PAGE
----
Burgher Class: Definition & History

Instructor: Christine Serva

Christine has an M.A. in American Studies, the study of American history/society/culture. She is an instructional designer, educator, and writer.

Let's look at the rise of a middle class group of people known as the burghers. You'll gain a sense of their role in medieval times as well as their legacy beyond it.

Medieval Burghers

The rise and fall of the middle class has been a big deal politically and economically for centuries. Just listen to political debates in the United States today and you'll hear a lot about how the middle class is declining. Let's flashback to medieval Europe where an opposite trend was emerging.

We're talking about middle class merchants and craftworkers who were known as burghers: those who sold products (such as a baker) or who provided a service (like those of a blacksmith). As these burghers emerged, they became situated between the peasant class and the noble class in European society.

Burghers were described by this name not because they made tasty burgers (although some of them may have cooked up some good food), but because the name burgher originates in other languages as a citizen of a borough. A borough in this case is another way of saying a town or city.

Rise of Towns and Cities

Even the concept of a city or town was evolving during this time. During the High Middle Ages (approximately 1100-1300), the population of Europe was on a major upswing. Feudalism, which was the predominant economic mode in Europe, was producing enough food to keep people fed, even with growing numbers of mouths to feed. A feudal system meant that many people worked on the land as peasants, while nobles owned those lands and received the benefits of this ownership.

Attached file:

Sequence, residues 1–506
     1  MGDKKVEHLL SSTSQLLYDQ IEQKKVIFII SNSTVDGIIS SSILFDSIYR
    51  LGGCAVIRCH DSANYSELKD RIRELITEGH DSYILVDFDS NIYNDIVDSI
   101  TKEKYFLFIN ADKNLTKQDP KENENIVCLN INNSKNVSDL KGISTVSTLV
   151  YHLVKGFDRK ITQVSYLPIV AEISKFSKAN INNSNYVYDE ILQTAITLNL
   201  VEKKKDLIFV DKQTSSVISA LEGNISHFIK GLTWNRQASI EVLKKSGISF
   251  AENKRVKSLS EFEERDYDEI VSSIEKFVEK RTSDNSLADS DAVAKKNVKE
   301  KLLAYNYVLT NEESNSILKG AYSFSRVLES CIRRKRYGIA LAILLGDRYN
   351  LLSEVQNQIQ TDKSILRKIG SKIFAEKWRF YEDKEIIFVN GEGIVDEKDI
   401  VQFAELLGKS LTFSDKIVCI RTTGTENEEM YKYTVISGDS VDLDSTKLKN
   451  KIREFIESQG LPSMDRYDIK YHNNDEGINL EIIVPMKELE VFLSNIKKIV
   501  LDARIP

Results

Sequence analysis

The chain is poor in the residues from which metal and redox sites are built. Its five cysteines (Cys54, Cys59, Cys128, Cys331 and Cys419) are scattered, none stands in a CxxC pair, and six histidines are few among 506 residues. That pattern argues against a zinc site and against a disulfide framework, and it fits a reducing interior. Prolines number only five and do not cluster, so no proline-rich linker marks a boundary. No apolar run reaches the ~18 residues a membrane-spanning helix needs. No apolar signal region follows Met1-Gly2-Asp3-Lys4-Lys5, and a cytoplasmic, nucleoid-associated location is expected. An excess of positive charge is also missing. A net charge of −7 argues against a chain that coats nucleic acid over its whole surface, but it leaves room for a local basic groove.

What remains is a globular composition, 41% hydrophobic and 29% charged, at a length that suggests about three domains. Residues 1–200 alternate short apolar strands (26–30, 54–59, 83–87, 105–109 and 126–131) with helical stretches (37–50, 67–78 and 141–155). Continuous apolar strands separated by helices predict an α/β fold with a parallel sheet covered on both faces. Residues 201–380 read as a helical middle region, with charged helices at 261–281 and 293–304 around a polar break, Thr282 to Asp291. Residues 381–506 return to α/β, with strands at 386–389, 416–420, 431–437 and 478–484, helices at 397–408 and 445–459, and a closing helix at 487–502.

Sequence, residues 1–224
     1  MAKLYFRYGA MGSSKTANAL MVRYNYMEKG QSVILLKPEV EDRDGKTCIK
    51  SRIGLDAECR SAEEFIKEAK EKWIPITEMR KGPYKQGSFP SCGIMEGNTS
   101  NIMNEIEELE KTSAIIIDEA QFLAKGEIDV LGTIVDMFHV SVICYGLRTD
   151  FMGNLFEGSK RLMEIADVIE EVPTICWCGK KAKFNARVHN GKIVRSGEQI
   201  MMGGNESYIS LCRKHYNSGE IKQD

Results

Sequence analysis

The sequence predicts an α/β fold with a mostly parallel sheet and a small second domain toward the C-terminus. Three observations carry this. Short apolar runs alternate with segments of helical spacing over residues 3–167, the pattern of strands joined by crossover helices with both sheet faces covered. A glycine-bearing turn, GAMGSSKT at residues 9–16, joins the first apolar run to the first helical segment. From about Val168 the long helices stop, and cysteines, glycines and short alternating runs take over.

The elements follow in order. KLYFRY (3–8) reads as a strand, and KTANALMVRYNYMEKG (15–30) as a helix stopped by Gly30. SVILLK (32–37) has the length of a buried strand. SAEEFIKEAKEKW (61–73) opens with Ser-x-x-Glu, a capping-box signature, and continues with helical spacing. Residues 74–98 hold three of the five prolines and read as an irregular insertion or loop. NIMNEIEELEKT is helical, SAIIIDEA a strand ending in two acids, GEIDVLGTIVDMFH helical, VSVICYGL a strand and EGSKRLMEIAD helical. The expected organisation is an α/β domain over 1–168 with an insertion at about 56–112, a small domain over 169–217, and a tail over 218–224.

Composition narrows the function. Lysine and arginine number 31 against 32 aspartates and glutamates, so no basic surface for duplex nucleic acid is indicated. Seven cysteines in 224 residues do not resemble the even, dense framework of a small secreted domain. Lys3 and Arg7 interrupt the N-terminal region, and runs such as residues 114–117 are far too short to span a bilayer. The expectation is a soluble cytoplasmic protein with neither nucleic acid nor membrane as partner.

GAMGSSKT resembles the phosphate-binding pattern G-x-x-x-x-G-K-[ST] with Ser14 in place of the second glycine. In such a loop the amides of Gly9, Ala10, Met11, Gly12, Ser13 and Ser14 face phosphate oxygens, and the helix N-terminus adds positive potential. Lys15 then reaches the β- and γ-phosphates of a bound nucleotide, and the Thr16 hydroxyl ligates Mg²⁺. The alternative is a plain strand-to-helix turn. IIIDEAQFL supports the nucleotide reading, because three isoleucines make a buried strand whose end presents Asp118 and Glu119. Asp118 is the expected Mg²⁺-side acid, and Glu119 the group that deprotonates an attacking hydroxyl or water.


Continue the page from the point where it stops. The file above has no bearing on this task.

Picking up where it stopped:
During this time, more people were congregating in urban centers. If you imagine that a whole bunch of people are headed to your town, you might start seeing dollar signs, thinking that now's a good time to go into business. Well, the burghers - the merchants - did in fact often do well because of this trend of the rise in city life.

A Money Economy

Over time, these trends moved European economies from ones based on land ownership to a money economy. This was an important time in history to have cash on hand. Owning all of the land in Europe wasn't going to help you if you didn't have access to some liquid assets that could purchase goods and services.

This is a bit like your landlord suddenly needing to borrow money from you. Quite a turnaround of events! Suddenly, we have a middle class citizenry that is gaining momentum and becoming even wealthier and more powerful. They often held local political positions and would go on to play a greater role in the larger governments in their regions.

Ultimately, the burghers would develop into a richer class. But first, they needed to make their mark on medieval Europe in a way that still echoes today.

Craft Guilds

We can't talk about the burghers without mentioning the emergence of craft guilds. Not just anyone could decide that they wanted to become a merchant in town. As you might imagine, established business owners wanted a say in just who got to sell the same services and at what quality and what price.

Craft guilds created a process for how a person could rise up the ranks as they gained in skill.
A baker with an apprentice

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